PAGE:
Tuesday, August 28, 2007

Bugs repair own DNA to survive eons in ice

clipped from
Scientists say they can at last explain how bacteria stay alive in ice for hundreds of thousands of years.
Bacteria slow down their metabolism to the point where they produce just enough energy to repair their ageing DNA, say Australian researcher Dr Mike Bunce of Murdoch University in Perth and his international colleagues.
The researchers publish their findings today in the Proceedings of the National Academy of Sciences.
"We're looking at bacteria that have survived in the permafrost for hundreds of thousands of years. These aren't dead; these are viable cells," says Bunce, a molecular biologist.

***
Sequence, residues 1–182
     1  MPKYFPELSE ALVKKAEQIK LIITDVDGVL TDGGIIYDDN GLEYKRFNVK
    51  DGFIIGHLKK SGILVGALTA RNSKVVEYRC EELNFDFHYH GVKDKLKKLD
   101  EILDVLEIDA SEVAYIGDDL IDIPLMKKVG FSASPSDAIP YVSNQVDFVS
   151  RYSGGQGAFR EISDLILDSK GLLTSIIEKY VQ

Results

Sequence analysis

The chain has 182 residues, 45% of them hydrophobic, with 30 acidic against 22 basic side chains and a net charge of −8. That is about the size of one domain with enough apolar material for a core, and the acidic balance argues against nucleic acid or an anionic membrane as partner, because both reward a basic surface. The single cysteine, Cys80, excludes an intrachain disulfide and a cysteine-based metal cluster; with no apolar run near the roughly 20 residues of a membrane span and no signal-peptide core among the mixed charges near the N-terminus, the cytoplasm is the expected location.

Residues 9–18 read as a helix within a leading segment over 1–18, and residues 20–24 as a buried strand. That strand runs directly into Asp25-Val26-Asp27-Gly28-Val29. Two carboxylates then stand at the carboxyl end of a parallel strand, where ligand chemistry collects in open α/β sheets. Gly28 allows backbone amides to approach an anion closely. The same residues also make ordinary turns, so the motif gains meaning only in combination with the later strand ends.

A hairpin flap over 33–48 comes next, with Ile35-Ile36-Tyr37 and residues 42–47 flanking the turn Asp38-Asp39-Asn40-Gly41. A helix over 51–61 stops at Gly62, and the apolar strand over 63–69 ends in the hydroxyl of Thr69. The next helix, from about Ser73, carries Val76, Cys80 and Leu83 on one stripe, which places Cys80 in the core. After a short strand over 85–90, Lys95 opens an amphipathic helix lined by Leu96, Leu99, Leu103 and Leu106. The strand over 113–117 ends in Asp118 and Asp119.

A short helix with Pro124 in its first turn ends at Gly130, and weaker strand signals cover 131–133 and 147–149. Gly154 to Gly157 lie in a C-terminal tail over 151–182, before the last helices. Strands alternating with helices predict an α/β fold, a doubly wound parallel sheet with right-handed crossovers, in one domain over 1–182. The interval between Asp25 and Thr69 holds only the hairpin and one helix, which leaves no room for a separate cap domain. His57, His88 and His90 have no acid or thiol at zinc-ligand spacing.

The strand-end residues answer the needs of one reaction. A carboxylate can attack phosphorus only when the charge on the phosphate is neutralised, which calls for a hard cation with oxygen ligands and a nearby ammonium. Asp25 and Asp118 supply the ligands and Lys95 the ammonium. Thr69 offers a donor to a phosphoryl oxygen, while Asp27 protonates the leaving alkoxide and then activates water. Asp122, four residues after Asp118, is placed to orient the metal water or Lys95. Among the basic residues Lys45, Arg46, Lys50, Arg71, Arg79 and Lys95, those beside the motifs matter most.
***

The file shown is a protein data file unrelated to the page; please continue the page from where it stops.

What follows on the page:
"If the DNA wasn't being repaired the bacteria would accumulate too much damage to their genome and the cells just would not be viable."
"The longest ancient DNA study that's ever been produced got 1000 base pairs of DNA from a dead specimen," says Bunce. "We're getting 4000 base pairs."
"That's really the key to the survival mechanism for thousands of years in ice."
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